Dendritic spines are sites of the vast majority of excitatory synaptic input to hippocampal CA1 pyramidal cells. Estrogen has been shown to increase the density of dendritic spines on CA1 pyramidal cell dendrites in adult female rats. In parallel with increased spine density, estrogen has been shown also to increase the number of spine synapses formed with multiple synapse boutons (MSBs). These findings suggest that estrogen-induced dendritic spines form synaptic contacts with preexisting presynaptic boutons, transforming some previously single synapse boutons (SSBs) into MSBs. The goal of the current study was to determine whether estrogen-induced MSBs form multiple synapses with the same or different postsynaptic cells. To quantify same-cell vs. different-cell MSBs, we filled individual CA1 pyramidal cells with biocytin and serially reconstructed dendrites and dendritic spines of the labeled cells, as well as presynaptic boutons in synaptic contact with labeled and unlabeled (i.e., different-cell) spines. We found that the overwhelming majority of MSBs in estrogen-treated animals form synapses with more than one postsynaptic cell. Thus, in addition to increasing the density of excitatory synaptic input to individual CA1 pyramidal cells, estrogen also increases the divergence of input from individual presynaptic boutons to multiple postsynaptic CA1 pyramidal cells. These findings suggest the formation of new synaptic connections between previously unconnected hippocampal neurons.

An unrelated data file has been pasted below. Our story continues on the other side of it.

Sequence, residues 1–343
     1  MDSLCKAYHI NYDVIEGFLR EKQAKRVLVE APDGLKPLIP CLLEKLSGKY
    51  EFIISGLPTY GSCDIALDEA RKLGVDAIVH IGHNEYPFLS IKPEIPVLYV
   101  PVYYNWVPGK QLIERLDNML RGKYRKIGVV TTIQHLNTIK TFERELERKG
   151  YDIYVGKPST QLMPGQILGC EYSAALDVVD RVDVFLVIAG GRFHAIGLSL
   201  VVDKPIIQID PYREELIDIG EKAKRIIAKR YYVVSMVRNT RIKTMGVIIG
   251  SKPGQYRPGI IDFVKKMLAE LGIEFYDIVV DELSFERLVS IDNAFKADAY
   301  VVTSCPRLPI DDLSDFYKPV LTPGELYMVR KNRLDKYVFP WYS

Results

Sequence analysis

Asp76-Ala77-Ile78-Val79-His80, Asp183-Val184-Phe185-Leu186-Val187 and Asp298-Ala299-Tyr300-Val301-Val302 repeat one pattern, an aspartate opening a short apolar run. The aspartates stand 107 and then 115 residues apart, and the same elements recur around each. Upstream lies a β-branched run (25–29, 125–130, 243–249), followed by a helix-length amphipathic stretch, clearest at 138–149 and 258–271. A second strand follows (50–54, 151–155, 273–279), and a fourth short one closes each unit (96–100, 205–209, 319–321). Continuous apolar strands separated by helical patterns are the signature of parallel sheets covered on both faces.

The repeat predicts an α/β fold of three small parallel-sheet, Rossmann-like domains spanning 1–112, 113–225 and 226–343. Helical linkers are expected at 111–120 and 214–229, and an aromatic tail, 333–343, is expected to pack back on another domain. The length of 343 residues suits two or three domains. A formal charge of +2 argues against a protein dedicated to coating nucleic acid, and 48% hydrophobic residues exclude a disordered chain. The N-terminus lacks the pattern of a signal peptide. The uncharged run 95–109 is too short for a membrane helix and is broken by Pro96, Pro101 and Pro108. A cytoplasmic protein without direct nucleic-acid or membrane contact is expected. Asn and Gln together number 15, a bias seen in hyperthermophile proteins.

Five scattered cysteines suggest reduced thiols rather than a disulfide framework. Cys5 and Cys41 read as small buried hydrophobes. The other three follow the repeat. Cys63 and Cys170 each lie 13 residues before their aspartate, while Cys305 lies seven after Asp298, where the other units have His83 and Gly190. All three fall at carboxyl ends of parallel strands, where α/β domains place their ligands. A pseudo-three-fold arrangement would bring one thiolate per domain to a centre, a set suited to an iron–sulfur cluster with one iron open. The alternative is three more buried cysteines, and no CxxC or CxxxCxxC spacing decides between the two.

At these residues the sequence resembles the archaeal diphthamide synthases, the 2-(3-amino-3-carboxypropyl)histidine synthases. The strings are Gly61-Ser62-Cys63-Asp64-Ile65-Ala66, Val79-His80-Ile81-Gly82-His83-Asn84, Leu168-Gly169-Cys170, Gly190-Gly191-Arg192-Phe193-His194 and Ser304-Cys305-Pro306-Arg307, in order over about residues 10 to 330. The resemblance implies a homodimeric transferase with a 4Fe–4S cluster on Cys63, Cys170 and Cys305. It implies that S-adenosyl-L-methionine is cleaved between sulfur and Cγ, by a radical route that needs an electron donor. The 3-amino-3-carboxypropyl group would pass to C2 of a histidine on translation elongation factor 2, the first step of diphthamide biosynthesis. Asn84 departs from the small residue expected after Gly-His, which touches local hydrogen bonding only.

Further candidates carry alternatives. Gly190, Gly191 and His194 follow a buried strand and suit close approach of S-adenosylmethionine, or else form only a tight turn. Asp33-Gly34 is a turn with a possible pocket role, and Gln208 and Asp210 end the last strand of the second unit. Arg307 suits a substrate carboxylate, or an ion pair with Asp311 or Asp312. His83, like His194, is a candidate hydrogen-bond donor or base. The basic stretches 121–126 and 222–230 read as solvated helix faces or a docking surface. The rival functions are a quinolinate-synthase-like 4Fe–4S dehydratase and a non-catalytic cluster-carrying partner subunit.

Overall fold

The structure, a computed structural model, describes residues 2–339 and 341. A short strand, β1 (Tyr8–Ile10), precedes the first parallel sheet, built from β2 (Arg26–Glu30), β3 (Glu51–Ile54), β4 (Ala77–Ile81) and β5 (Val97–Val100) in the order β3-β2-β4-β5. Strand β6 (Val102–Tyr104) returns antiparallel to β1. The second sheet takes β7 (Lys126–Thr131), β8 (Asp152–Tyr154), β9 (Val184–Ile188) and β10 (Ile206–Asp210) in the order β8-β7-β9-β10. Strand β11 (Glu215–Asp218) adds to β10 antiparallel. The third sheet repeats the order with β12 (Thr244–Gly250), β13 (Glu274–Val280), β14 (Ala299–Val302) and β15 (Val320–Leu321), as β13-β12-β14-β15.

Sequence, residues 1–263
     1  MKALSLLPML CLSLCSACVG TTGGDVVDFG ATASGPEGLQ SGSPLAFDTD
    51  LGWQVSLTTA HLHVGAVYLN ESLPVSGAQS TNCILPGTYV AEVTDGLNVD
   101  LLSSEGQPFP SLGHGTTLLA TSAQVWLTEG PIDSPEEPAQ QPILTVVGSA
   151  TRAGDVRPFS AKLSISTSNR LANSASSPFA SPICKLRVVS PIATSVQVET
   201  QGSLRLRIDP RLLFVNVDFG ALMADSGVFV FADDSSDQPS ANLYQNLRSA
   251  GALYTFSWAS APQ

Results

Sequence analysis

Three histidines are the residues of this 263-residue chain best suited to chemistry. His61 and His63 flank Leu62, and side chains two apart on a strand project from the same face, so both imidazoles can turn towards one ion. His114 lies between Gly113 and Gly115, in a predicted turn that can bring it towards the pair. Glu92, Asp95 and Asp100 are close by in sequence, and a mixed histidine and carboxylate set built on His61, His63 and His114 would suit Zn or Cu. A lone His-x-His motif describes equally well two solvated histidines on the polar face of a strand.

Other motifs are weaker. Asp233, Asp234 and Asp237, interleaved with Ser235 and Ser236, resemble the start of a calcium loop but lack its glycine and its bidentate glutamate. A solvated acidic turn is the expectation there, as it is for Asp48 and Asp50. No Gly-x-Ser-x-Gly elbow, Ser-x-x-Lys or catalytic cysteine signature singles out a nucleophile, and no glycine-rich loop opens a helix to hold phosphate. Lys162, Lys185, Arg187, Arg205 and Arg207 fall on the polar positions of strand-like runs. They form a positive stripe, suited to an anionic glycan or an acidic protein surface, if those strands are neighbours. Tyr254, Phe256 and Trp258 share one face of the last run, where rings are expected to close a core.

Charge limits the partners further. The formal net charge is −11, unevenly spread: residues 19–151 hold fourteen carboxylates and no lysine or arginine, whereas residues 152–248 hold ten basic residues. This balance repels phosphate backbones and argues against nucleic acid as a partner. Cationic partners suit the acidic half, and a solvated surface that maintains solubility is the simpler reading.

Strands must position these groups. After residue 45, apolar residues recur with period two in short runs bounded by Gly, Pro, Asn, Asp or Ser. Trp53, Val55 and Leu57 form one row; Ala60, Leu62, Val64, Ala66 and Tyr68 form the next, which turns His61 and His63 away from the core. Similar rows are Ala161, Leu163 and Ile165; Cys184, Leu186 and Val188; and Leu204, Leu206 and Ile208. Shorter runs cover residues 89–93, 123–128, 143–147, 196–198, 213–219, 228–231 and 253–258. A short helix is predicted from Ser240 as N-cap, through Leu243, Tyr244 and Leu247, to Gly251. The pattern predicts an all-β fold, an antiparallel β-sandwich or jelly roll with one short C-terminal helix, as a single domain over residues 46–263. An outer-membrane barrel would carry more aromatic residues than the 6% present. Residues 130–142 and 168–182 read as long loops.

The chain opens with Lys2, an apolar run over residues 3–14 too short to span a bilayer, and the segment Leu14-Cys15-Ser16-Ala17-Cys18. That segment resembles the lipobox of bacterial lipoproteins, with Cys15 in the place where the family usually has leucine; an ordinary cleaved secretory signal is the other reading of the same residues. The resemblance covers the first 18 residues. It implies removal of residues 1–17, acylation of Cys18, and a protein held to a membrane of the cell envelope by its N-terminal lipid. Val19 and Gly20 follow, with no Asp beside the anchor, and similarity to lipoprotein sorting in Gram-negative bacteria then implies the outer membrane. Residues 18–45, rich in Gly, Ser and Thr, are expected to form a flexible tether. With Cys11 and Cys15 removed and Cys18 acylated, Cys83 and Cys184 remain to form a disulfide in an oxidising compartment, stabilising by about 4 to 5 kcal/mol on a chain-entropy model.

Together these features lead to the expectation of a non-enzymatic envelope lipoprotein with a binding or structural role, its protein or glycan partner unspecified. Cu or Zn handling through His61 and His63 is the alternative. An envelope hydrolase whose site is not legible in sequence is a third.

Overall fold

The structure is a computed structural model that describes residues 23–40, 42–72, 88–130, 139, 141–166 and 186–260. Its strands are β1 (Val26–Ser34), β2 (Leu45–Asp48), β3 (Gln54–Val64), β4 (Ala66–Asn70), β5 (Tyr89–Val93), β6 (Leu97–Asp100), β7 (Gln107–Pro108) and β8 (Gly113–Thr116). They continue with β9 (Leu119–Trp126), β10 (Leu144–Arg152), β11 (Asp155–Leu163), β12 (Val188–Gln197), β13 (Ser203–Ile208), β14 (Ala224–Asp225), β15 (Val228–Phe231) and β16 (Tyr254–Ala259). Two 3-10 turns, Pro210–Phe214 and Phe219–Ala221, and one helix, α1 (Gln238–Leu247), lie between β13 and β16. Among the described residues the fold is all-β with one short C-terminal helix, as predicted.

|Original language||English (US)|
|Number of pages||6|
|Journal||Proceedings of the National Academy of Sciences of the United States of America|
|State||Published - Mar 13 2001|
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